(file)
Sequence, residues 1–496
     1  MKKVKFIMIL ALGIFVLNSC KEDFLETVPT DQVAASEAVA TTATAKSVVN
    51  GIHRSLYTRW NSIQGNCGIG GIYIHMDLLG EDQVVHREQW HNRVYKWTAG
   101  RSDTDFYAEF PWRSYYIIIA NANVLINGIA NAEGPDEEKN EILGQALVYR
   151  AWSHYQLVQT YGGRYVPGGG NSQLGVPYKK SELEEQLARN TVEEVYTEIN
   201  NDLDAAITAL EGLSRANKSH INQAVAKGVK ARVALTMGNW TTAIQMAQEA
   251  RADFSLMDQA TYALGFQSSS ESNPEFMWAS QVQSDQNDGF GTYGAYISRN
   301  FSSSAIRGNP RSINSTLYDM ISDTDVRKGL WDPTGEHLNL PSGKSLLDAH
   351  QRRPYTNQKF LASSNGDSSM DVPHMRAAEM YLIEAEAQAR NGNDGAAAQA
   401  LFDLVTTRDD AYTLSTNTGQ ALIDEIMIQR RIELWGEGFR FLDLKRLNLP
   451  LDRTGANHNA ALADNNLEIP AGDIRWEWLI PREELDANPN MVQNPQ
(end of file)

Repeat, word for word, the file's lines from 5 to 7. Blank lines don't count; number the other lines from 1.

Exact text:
   151  AWSHYQLVQT YGGRYVPGGG NSQLGVPYKK SELEEQLARN TVEEVYTEIN
   201  NDLDAAITAL EGLSRANKSH INQAVAKGVK ARVALTMGNW TTAIQMAQEA
   251  RADFSLMDQA TYALGFQSSS ESNPEFMWAS QVQSDQNDGF GTYGAYISRN